Johnny Got His Gun 4/5 Stars
This book has been on my To Read list since I was in high school. A combination of it being a book my dad would talk about (he never talked about books), being in the Metallica video, and various other sources, it’s always been around but it wasn’t until I started this year out implementing SSR (self-selected reading) in my English classes and had a used copy in a book bin that I finally decided to give it a go.
The premise is that a young WWI soldier comes to in a world of dream and memory and sensation and slowly realizes that he’s been wounded. At first he thinks it’s just being deaf and maybe something going with his eyes. But he comes to understand that it’s actually all four of his limbs, most of his face, and his sight and hearing. He also realizes that he no longer has a sense of time passing or exactly which is dreams and which is consciousness. Supposing that this begins a grieving process in him, he goes through anger and depression, falls deep into his own past and memory, and begins to question the very foundation of America, war, and his past.
But when he finally is able to gain a foothold on the outside world, he begins to slowly clamber back into a meaningful existence.
The intro to this book is really interesting because Dalton Trumbo came to loathe how his book was exploited as an anti-WWII sentiment by anti-Semitic America Firsters but then accepted its ant-Vietnam War adoption. He basically suggests that WAR is a less important question than wars, ie understanding individual causes.
An idea that is definitely explored in a similar book by the Mississippi writer Larry Brown in his novel “Dirty Work.”
A Death in Family – 5/5 James Agee
I have less of a long history with this book, but it’s been on my to read list for a little while yet. This book is absolutely excruciating. So be warned. It’s beautiful and it’s wonderfully written, but there’s only the barest hint of humor in it and a lot of pain. And if you’re (which you’re not) it hits very much home in a few ways.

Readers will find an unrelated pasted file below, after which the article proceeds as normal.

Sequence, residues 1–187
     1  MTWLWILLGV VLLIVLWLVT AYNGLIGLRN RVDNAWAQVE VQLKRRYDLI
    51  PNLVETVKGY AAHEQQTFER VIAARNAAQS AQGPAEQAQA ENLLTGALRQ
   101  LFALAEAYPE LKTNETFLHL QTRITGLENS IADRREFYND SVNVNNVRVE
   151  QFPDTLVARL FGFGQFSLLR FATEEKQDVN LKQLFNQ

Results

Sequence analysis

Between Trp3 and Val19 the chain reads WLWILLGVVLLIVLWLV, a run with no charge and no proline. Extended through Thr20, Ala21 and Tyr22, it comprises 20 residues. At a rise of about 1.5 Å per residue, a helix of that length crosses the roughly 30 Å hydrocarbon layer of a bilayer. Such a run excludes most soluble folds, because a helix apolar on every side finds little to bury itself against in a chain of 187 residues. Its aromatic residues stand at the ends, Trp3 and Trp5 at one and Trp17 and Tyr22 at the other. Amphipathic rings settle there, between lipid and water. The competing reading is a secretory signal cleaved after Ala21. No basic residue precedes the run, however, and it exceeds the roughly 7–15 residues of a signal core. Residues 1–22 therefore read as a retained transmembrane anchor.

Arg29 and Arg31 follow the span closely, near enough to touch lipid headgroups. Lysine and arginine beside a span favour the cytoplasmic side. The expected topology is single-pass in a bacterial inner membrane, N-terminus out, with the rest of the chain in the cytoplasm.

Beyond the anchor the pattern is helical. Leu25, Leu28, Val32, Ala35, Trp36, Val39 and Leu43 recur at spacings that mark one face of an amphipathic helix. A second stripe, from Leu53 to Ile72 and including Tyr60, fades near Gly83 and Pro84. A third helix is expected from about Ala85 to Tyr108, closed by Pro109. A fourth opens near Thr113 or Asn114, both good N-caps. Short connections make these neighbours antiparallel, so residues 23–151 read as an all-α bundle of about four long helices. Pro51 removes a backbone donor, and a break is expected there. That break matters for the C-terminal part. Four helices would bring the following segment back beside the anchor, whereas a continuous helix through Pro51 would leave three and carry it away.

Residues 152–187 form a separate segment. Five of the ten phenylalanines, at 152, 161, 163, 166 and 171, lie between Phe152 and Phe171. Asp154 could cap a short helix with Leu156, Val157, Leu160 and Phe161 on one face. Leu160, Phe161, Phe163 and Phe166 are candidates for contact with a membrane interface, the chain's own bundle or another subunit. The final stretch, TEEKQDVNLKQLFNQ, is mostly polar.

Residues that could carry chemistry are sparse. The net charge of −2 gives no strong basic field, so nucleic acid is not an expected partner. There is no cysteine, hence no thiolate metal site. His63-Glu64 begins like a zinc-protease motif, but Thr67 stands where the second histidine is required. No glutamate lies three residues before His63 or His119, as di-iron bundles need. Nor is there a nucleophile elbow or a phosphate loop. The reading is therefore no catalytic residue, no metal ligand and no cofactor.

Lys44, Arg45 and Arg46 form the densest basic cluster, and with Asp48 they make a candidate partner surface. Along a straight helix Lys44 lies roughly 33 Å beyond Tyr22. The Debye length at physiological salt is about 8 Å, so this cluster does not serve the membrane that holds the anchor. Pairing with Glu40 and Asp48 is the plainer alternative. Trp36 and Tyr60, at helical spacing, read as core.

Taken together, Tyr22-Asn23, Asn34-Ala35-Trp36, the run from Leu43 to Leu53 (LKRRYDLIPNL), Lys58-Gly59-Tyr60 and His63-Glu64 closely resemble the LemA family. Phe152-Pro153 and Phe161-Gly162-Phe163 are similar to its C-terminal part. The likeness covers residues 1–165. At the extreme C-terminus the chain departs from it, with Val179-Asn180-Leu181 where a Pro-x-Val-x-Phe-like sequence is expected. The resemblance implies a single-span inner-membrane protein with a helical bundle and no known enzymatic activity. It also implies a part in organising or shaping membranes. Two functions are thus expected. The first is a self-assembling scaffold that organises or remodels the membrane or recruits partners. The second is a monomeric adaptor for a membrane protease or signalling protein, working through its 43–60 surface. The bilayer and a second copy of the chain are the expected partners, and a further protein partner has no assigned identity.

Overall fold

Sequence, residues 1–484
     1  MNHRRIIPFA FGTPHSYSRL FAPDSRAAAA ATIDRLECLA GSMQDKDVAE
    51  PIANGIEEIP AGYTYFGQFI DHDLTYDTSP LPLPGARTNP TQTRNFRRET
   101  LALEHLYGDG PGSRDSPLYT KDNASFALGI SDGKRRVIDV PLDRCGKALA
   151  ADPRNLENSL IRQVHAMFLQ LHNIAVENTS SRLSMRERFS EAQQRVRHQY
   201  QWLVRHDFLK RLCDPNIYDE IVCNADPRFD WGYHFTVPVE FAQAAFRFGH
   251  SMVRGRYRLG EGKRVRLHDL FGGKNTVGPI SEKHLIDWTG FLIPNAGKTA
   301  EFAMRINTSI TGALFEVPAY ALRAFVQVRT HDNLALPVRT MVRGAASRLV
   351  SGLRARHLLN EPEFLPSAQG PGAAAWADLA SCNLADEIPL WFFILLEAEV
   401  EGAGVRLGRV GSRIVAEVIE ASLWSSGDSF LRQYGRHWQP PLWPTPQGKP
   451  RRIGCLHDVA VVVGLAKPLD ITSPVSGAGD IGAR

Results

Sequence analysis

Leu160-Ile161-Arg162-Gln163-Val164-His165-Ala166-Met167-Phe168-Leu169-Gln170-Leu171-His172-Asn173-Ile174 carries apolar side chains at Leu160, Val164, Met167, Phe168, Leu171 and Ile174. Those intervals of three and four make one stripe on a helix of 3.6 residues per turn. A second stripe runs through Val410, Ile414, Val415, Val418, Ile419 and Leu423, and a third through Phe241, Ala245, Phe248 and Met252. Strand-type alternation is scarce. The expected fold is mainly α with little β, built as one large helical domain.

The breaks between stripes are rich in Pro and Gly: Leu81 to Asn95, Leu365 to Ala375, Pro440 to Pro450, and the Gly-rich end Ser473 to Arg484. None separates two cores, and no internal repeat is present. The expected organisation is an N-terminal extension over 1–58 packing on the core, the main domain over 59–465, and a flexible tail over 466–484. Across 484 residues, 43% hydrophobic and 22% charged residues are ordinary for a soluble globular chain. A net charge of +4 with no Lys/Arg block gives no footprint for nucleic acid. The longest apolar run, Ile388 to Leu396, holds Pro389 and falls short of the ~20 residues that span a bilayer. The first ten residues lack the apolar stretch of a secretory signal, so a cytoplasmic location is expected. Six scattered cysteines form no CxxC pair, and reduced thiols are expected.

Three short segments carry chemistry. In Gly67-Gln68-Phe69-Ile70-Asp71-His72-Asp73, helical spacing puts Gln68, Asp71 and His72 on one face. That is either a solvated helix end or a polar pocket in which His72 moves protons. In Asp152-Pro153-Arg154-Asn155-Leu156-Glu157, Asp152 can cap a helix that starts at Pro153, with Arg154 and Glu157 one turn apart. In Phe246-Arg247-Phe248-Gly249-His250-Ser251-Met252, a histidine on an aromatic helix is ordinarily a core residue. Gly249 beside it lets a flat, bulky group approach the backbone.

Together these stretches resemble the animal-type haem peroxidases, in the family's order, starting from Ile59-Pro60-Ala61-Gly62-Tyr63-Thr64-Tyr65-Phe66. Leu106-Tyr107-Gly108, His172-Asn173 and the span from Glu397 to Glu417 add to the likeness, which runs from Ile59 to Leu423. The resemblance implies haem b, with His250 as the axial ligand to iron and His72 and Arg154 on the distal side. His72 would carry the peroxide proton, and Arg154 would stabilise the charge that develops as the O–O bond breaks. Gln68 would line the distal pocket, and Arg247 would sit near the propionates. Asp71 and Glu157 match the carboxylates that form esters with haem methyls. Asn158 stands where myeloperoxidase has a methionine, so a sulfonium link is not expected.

Jay Follet wakes one night to a phone call from his drunk brother babbling on about how their father is close to his death. He gets up, he gets himself some food, packs a bag, and drives off.
And dies soon after in a carwreck.
What had been a narrative focused on the death of an old father becomes a story about the death of a young father.
Here’s the thing about me: I am not a young father, but my name starts with J, I am one month shy of my 36th birthday and J is one month past his. He has his life together and it shows, and I have finally gotten myself together after years of not so much.
The rest of the novel deals with the granular level ruminations, the after effects, the complicated and contradictory feelings, and the innocence and tenderness of children in the face of death.
There’s a clear sense perhaps adults face death better; children actually accept it.
It’s a near perfect novel, but it’s a highly lyrical and literary novel. It dwells on pain, on conversation, and barely escapes wallowing, but everything fits perfectly. And the way in which a violent freak death impacts a family is so perfectly laid out.